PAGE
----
each of the precisely defined variables collected during patient treatment
and contact investigation.22-24
The behavioral intervention was developed using social cognitive theory in
the context of health education and included instruction, demonstration, and
practice with feedback and assessment. The primary training mechanism of the
behavioral intervention was a task-oriented workshop. Training included a
review of the risk factors for TB infection, an overview of interviewing skills,
the introduction of the standardized contact screening protocols and the computer
module used to collect the data, as well as practice scenarios for contact
investigation and screening. Quality control was ensured by monthly review
of field staff reports by area managers and review of the computer modules
to determine the extent of missing data, the number of errors made by staff
entering the data, and the number of prompts required during the data-entry
process. In addition, monthly discussions were held with area managers and
select TB field staff to determine their adherence to the use of the standardized
definitions. Follow-up educational interventions were performed as necessary.
Staff were trained to enter data on a laptop computer, which was transferred
weekly to area servers and then via modem to the University of Alabama at
Birmingham.22 Cases were defined according
to Centers for Disease Control and Prevention criteria.25
Only confirmed TB cases were used in the model. Case and contact demographics,
characteristics of the exposure environment, all field investigation activities,
as well as laboratory and clinical data were entered into the database.
The state of Alabama has 11 public health areas. Each area has a manager
responsible for all TB-related activities. The sample used to develop the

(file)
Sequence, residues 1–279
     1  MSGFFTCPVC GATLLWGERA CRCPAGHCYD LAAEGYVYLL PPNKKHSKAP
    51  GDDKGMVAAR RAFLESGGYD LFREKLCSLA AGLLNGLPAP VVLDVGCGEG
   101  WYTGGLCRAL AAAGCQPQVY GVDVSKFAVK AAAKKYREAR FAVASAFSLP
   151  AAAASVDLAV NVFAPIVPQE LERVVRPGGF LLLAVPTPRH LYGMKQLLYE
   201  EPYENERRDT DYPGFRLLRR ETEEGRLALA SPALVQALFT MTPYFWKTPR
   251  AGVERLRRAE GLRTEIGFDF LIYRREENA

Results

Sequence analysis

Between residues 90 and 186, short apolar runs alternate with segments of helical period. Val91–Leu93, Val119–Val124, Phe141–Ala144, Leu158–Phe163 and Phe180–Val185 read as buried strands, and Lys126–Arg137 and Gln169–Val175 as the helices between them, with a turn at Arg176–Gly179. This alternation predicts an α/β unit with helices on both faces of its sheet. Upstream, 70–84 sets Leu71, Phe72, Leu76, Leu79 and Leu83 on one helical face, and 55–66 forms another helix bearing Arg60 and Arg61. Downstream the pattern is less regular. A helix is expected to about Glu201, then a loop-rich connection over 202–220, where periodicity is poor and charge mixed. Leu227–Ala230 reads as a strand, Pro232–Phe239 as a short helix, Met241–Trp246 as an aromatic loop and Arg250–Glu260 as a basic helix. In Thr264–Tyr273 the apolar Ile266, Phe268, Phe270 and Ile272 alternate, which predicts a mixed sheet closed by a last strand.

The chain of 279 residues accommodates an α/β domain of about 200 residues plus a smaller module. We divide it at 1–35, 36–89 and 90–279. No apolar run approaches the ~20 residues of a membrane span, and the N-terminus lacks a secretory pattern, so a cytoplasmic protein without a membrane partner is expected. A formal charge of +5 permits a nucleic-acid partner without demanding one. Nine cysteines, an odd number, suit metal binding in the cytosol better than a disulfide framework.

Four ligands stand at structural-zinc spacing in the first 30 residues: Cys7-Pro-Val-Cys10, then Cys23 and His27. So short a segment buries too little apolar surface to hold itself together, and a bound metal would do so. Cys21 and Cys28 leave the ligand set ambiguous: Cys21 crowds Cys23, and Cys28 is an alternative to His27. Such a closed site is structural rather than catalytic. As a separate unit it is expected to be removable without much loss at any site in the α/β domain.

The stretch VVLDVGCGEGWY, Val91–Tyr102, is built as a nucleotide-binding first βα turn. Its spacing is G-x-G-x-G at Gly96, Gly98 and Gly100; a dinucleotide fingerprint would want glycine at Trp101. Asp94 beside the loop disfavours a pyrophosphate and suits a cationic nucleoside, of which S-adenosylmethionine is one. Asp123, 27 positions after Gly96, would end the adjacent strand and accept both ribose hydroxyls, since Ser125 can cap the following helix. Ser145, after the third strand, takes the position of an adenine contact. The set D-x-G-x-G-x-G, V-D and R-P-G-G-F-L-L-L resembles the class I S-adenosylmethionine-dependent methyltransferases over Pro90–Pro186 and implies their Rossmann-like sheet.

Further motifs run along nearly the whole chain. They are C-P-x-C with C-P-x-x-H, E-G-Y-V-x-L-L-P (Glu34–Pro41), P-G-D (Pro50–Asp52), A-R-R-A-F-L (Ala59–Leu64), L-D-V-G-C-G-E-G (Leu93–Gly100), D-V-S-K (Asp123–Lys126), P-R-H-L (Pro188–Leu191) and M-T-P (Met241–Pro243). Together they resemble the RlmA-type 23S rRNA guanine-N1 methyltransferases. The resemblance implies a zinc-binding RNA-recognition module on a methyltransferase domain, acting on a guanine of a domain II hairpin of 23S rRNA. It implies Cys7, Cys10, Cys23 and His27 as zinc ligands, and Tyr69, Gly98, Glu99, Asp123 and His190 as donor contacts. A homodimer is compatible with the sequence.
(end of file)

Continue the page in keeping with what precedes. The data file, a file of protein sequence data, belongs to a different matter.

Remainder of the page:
model included 292 consecutive cases with a total of 2941 contacts identified
from January 1 through October 15, 1998. Data were collected from 366 new
consecutive TB cases and their 3162 contacts identified from October 16, 1998,
through April 2000 for a validation sample. Mass screenings at prisons and
nursing homes and school screenings unrelated to specific contact investigations
were excluded. This study was approved by the University of Alabama at Birmingham
institutional review board and the Alabama Department of Public Health.
The TST result was the primary outcome variable and provided a surrogate
measure for recent transmission of disease. While not a perfect measure of
recent exposure with transmission, it is the primary measure used in all epidemiological
contact investigations.3 The TST results were
considered positive with induration of 5 mm or more, which is standard for
contact investigation. There were 47 readings between 5 and 9 mm and the analysis
was similar using either 5 or 10 mm as a positive reaction. The test is administered
by injecting 0.1 mL of 5 TU (tuberculin) intradermally (Mantoux method) into
the volar aspect of the forearm, reading the millimeters of induration between
48 and 72 hours after injection.26 Contacts
whose initial TST result was negative were given a second test 10 to 12 weeks
later. If either the first or second test result was positive, contacts were
considered positive. Persons known to have a positive skin test result 60
days or more prior to the date the case was reported were considered not to
represent recent infection from the case in question and were eliminated from
the analysis (98 contacts). When contacts were exposed to more than 1 case,
the area manager determined the primary case for that contact.
Explanatory variables with multiple outcome categories were often collapsed
for analytical purposes. For example, smear and culture status were both defined
as dichotomous variables (negative vs positive) rather than grading the degree
of positivity. Case age was grouped into 3 categories (<15, 15-65, and
>65 years) to determine if transmission differences existed between children
and adolescents, adults, and older adults. Contact age was grouped into 5
categories (≤4, 5-14, 14-24, 25-64, and ≥65 years) defined by the clinicians
prior to analysis according to differences thought to exist regarding infection
rates among age groups. Cases were considered to have cavitation by radiograph
result, which was confirmed by film review. Ventilation of the exposure environment
was rated on an ordinal scale defined as follows: 1 = ventilation situation